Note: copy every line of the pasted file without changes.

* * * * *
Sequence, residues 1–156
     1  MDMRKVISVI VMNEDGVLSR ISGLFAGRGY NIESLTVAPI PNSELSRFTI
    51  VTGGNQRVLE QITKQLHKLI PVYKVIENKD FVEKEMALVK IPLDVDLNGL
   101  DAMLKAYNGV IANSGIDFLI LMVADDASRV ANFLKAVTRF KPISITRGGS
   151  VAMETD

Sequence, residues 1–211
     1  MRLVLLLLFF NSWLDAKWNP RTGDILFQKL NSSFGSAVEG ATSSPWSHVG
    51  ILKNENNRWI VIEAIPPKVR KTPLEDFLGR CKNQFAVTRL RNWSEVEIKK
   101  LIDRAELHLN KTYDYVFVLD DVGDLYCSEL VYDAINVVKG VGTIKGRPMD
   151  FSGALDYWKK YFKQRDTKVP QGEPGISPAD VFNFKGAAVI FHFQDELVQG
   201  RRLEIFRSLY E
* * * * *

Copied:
Sequence, residues 1–156
     1  MDMRKVISVI VMNEDGVLSR ISGLFAGRGY NIESLTVAPI PNSELSRFTI
    51  VTGGNQRVLE QITKQLHKLI PVYKVIENKD FVEKEMALVK IPLDVDLNGL
   101  DAMLKAYNGV IANSGIDFLI LMVADDASRV ANFLKAVTRF KPISITRGGS
   151  VAMETD

Sequence, residues 1–211
     1  MRLVLLLLFF NSWLDAKWNP RTGDILFQKL NSSFGSAVEG ATSSPWSHVG
    51  ILKNENNRWI VIEAIPPKVR KTPLEDFLGR CKNQFAVTRL RNWSEVEIKK
   101  LIDRAELHLN KTYDYVFVLD DVGDLYCSEL VYDAINVVKG VGTIKGRPMD
   151  FSGALDYWKK YFKQRDTKVP QGEPGISPAD VFNFKGAAVI FHFQDELVQG
   201  RRLEIFRSLY E